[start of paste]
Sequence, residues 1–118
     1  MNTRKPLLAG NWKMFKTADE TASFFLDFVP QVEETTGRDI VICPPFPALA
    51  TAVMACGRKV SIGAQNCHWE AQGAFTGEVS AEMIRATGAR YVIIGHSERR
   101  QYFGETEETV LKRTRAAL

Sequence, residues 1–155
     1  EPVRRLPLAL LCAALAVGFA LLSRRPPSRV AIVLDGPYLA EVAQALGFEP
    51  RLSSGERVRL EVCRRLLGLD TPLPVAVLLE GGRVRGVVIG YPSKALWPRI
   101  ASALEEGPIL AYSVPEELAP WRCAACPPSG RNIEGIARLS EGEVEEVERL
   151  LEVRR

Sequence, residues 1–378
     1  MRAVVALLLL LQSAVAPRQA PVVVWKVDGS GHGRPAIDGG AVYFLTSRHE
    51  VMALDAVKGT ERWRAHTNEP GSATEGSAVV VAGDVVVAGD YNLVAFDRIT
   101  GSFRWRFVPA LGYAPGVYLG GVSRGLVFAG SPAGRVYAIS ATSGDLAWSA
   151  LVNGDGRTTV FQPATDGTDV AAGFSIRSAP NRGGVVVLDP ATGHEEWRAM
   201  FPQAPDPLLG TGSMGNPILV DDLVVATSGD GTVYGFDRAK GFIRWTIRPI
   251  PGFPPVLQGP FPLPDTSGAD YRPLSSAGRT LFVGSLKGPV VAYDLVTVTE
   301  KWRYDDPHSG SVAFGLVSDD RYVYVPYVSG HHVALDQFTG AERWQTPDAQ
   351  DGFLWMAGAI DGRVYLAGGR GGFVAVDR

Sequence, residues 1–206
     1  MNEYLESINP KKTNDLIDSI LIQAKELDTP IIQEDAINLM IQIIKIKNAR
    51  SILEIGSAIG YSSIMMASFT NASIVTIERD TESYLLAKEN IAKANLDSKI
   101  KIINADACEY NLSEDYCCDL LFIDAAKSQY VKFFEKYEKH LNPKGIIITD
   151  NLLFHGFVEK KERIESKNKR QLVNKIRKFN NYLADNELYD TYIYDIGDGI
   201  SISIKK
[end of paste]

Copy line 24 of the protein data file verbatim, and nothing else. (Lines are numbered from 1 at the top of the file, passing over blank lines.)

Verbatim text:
   201  SISIKK